Regarding energy security, she revealed the challenges were the over-dependency on fossil fuels, regulatory constraints, disruptive technology and demand forecasting difficulties.
For energy sustainability, Nurhafiza said: “There’s some limitation in solar penetration. In Malaysia, we capped the penetration at 24 per cent of peak demand to maintain grid stability. Next, the public pressure. We still have to remember that there’s an intermittency issue, and we still need an ultimate plan for a stable generation.”
She then explained some other challenges to energy sustainability in Malaysia, including financing, site availability, stringent environmental assessment, grid accessibility, and feedstocks for biomass. As for energy affordability, the director said that the challenges reside in the regulatory, infrastructure, financing and fuel price.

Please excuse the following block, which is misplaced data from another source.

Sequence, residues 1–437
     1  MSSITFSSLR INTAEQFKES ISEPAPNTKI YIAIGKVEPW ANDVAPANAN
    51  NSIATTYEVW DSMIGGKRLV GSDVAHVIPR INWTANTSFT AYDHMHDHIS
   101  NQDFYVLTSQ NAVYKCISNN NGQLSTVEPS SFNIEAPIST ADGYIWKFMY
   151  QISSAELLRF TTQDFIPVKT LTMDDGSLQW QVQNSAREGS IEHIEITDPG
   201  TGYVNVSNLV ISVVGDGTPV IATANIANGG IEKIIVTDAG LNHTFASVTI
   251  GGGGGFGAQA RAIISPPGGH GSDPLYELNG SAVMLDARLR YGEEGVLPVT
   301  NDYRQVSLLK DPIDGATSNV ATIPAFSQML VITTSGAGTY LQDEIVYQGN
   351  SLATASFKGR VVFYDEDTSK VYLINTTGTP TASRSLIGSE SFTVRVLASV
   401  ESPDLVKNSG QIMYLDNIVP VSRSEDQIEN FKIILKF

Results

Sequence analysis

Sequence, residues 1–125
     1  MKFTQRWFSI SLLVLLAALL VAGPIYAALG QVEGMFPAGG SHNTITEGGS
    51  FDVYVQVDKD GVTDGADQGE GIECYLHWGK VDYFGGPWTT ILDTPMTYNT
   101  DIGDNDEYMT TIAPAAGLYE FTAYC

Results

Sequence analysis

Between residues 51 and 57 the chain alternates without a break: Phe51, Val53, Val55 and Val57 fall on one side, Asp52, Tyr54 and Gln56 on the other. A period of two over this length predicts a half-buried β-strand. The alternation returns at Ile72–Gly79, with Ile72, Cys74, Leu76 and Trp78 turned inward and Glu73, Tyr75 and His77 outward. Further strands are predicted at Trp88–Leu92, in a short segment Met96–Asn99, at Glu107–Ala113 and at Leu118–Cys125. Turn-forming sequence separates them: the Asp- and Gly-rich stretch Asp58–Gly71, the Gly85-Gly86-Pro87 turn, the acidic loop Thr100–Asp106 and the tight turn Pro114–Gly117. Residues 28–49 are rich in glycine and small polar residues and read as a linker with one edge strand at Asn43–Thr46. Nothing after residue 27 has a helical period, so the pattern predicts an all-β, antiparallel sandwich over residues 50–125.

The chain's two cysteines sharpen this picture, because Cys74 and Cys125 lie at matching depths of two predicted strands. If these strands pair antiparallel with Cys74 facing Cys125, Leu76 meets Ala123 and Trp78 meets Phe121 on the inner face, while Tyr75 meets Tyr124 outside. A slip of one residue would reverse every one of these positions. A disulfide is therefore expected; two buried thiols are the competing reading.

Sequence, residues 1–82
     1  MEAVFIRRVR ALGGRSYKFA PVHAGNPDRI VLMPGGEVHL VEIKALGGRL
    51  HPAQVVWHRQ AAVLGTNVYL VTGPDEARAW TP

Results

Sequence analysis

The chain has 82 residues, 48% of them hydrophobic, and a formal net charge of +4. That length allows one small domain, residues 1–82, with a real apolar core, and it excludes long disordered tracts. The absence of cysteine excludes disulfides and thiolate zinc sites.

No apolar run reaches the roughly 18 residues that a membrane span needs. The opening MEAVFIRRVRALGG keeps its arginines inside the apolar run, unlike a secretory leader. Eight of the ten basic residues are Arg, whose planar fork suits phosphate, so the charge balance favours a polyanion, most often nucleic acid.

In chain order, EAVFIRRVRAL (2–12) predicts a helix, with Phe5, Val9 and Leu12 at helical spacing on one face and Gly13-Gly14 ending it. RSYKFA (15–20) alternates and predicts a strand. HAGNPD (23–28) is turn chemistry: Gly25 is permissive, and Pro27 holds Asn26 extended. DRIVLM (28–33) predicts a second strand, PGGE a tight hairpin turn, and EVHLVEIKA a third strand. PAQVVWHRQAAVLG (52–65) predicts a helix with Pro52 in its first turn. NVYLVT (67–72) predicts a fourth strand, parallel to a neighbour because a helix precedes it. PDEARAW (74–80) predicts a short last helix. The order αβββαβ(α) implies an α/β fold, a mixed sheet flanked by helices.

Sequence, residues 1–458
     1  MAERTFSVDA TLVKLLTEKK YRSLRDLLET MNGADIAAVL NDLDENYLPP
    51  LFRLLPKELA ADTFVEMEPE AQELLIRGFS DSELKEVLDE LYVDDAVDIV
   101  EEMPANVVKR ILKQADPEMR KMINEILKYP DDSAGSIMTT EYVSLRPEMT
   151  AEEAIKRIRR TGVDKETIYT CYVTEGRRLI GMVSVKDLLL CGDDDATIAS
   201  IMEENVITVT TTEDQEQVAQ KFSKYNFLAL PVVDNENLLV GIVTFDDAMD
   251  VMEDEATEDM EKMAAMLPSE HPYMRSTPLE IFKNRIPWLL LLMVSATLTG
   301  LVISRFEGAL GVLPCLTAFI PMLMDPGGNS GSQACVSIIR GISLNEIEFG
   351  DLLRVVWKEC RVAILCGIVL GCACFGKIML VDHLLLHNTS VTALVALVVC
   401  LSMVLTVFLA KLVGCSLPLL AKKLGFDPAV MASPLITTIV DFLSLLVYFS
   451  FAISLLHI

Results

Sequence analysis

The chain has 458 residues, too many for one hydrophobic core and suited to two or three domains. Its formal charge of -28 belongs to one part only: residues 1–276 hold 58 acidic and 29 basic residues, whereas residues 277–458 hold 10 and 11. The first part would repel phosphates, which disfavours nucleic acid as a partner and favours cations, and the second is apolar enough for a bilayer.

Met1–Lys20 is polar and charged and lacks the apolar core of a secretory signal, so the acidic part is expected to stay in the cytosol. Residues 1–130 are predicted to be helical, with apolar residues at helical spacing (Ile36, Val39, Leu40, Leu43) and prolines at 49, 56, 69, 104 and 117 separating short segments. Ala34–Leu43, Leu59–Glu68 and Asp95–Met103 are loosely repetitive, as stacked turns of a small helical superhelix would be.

“Fuel price is a hot topic. Uncertainties in long term projection may affect optimised plant up options,” said Nurhafiza.
Impacts of the pandemic on the Philippines’ energy sector
Mario C. Marasigan, the Director of the Electric Power Industry Management Bureau (EPIMB) at the Department of Energy, Republic of the Philippines, shared the challenges faced by the power sector during the pandemic in terms of generation, distribution and transmission.
“For generation, many projects have been delayed. This is primarily because of the difficulties in allowing foreign nationals who are the experts and the advisors. This limited movement also hinders the fulfilment of necessary materials for the generation facilitie,” said Marasingan.